The release of federal prisoners due to COVID-19 is a controversial topic.
Authorities said they are getting inundated with requests and seeing crimes first-hand after release.
Federal prisoners are asking for early release and some local high-profile prisoners want out.
According to federal prosecutors, Dr. Farid Fata victimized 553 patients, ordering at least 9,000 unnecessary infusions or injection -- including chemotherapy for people who did not have cancer.
Fata pleaded guilty and was sentenced to 45 years, but because of coronavirus, he wants to be released early.
Geraldine Parkin said her husband was diagnosed with cancer and was in remission when Fata continued cancer treatments for about 9 months.
“Tim was filled with poison,” Parkin said. “That’s what happened to many of Fata’s victims.”
Parkin wants Fata to serve every single day of his 45-year sentence.
“He took an oath, broke the oath, he has no remorse,” Parkin said. “The only remorse he has is becuase he got caught.”
But according to a motion filed on his behalf, Fata feels he should be released early because of his “deteriorating health,” which includes “type 2 diabetes, gastro intestinal bleeding, and early dementia.”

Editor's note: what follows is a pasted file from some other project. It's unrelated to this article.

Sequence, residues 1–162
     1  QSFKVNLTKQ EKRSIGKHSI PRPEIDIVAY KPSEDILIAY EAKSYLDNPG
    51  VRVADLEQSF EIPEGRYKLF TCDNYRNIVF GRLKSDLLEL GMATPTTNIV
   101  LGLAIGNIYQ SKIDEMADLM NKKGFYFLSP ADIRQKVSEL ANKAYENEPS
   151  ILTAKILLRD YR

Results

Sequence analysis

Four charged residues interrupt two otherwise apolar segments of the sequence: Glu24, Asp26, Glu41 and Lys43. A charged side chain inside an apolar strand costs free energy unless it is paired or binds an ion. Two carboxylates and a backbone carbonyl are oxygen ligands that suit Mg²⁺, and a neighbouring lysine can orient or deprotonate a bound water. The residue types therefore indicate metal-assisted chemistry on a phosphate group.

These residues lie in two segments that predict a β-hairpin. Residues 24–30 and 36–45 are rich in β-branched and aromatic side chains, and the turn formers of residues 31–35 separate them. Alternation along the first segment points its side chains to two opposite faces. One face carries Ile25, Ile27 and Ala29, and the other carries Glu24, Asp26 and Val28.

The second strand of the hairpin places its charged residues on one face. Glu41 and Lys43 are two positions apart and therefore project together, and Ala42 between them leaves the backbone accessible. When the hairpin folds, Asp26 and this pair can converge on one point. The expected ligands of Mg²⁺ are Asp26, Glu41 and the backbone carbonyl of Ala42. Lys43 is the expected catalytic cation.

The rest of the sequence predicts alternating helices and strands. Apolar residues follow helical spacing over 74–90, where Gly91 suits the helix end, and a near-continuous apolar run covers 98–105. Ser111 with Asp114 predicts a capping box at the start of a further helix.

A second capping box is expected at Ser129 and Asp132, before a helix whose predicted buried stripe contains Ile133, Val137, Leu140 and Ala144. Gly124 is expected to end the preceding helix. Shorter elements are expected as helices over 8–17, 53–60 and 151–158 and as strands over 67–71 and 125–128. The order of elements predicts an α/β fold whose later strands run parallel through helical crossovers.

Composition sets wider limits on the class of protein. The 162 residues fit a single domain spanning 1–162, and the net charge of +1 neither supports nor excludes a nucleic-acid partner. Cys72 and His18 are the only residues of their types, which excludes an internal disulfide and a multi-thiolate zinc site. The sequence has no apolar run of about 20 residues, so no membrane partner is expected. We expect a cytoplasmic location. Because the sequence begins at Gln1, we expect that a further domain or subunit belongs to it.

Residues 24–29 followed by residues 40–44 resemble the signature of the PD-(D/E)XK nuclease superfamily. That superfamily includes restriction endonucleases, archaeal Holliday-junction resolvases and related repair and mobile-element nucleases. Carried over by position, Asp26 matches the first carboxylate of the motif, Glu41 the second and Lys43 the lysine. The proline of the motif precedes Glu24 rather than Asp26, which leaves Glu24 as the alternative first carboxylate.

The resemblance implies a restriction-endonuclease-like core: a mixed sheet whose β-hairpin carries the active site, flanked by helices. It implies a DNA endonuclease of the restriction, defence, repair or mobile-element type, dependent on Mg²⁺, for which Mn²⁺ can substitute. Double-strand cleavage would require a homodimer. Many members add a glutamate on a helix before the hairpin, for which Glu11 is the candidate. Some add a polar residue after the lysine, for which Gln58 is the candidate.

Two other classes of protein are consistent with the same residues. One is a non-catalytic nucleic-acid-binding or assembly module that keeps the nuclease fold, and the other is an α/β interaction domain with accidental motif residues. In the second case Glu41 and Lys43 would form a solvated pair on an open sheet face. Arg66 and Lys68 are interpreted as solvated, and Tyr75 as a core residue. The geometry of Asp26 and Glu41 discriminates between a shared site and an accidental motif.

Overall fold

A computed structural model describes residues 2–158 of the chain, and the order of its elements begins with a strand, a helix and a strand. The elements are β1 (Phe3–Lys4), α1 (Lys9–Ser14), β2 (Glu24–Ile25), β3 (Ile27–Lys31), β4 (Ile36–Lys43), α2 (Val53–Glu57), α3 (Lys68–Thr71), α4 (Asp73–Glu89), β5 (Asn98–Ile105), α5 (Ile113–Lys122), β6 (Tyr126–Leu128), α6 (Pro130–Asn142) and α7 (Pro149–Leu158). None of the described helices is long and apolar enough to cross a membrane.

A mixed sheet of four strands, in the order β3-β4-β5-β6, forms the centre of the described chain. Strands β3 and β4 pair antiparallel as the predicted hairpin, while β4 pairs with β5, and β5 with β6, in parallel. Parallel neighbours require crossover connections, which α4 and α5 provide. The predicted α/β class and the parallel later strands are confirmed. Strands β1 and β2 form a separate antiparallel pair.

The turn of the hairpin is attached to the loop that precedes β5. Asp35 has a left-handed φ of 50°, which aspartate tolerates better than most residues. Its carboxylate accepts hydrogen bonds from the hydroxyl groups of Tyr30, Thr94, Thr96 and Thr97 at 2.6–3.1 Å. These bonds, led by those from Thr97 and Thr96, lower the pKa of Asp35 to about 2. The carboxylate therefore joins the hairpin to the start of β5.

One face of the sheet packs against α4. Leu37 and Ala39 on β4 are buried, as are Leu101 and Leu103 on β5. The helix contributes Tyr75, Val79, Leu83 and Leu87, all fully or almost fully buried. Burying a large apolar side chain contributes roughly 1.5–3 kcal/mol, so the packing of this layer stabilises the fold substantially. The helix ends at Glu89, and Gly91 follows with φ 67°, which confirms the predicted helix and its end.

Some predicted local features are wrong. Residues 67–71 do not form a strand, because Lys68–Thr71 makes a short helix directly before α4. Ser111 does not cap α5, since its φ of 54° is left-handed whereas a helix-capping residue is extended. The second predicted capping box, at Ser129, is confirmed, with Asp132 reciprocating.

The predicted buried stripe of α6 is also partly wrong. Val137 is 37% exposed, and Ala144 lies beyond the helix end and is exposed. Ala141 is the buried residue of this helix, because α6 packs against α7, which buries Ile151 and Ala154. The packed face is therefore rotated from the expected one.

The motion also states Fata is at significant risk of infection because he is 55-years-old.
“This is one of the difficult situations we have right now with somebody like Dr. Fata. Normally you would have a hearing where victims could come into the courtroom and they could express their views and they could take the witness stand and explain their concerns,” said U.S. Attorney Michael Schneider. “Now we’re doing it all electronically.”
Schneider said he cannot comment on pending litigation -- like Fata’s request -- but that they take a careful look at each case.
“We always have the victims mindset first and foremost,” Schneider said.
Parkin hopes the court remembers the 533 patients like her husband who were overtreated and or misdiagnosed when they think of granting Fata early release.
Fata pleaded guilty to multiple counts of fraudulent billing, participating in a kickback scheme and money laundering. $34.7 million. The U.S. Attorney’s office has until May 19 to respond to the request.